The endangered Pakistani education system received international attention in the attacks on the future Nobel Peace Prize laureate Malala Yousafzai on October 9, 2012 and on the Army Public School in Peshawar on December 16, 2014. Prime Minister Nawaz announced after the terrorist attack in Peshawar that killed 135 children Sharif set out a 20-point action plan to target terrorism in a targeted and comprehensive manner - but none of the 20 points related to students or education.
In some areas, government forces have used educational facilities, including both schools and colleges, as temporary or permanent housing or military bases. If educational institutions are used for military purposes, the risk of an attack increases significantly. The government should clearly and publicly order that the Pakistani security forces restrict the military use of schools.
Furthermore, Pakistan is to develop a comprehensive program to protect students, especially girls, teachers, schools and universities from attacks and military use. All relevant ministries at national and local level are to be involved in the implementation of this strategy.
So far, it has mainly been left to the provincial governments to ensure the safety of schools. However, they do this only sporadically and inconsistently and hardly take into account the fact that girls' schooling needs special protection. Most of the time, the responsibility for improving and maintaining safety has been passed to the school administrators. This has exacerbated the hardship and general chaos. In some cases, criminal proceedings have been initiated against teachers and school principals for failing to put in place security.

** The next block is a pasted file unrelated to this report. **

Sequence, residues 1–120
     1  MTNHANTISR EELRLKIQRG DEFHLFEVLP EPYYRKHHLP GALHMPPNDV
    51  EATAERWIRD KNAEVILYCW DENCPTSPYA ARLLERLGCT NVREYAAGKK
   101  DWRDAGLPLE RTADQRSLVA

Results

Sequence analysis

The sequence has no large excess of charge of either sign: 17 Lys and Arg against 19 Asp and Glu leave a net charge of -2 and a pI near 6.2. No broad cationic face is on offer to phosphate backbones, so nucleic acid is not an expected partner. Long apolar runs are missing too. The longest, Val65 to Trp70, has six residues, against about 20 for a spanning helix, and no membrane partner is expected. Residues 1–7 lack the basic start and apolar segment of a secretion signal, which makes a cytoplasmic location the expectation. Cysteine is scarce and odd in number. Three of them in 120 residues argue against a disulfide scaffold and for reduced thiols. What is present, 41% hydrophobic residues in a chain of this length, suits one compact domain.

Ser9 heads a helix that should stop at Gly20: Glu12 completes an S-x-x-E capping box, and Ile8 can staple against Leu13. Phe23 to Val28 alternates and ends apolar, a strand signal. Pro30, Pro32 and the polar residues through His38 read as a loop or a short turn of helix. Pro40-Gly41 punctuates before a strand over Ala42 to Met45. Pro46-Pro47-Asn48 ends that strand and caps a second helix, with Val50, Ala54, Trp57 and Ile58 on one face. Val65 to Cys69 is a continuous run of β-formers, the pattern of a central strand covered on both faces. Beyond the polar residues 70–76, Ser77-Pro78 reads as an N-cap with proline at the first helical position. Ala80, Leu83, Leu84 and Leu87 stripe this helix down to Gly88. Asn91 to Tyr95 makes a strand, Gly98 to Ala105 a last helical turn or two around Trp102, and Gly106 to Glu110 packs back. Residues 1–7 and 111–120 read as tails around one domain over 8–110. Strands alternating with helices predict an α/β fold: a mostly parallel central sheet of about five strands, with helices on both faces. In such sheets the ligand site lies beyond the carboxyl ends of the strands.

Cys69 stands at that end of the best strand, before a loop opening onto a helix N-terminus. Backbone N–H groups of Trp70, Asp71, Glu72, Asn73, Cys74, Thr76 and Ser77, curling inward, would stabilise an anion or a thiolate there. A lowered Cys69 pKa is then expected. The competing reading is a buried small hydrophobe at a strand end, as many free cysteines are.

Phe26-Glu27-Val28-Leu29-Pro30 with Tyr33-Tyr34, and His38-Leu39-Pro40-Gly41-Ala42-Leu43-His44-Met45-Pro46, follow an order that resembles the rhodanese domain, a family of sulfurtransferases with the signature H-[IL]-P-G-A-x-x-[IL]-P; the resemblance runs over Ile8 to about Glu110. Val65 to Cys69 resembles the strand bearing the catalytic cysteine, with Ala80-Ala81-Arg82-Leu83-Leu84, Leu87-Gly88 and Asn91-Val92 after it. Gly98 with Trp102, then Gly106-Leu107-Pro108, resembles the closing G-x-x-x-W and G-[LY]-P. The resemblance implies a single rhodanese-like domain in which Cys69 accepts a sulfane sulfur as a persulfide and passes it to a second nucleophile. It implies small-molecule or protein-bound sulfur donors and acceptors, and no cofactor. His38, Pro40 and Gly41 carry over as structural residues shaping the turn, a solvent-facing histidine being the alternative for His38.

Despite hundreds of attacks on teachers, students and educational institutions, the Pakistani government has in most cases failed to hold the perpetrators accountable. These failures came into the spotlight in June 2015 when it was revealed that eight of the ten people charged with the attack on Malala Yousafzai and who had stood trial for their involvement had been acquitted.
The Pakistani central government is to work with the provincial authorities to develop a mechanism to react quickly to attacks against schools. In particular, the facilities should be quickly repaired or rebuilt and destroyed teaching materials replaced so that the students can go back to class as quickly as possible. During the reconstruction work, the students are to receive alternative offers so that they can continue their schooling. If necessary, they should also receive psychosocial support.
Pakistan is also expected to sign the Declaration on the Protection of Schools, a non-binding political agreement that states have been able to join since an international conference in the Norwegian capital of Oslo in May 2015. If governments support this statement, they pledge that they will restore access to education if schools are attacked. They should take action against students, teachers and schools from being attacked in the first place. Potential perpetrators should be deterred from such attacks by investigating and prosecuting school-related crimes. In addition, the military use of schools is to be minimized in order not to turn them into targets.
"The Pakistani government should do everything in its power to prevent future attacks on education, starting with improving school safety and providing the public with reliable information about dangers," Sheppard said. “Attacks on education not only harm the directly affected students and families. We cannot yet foresee the negative long-term consequences for Pakistani society. "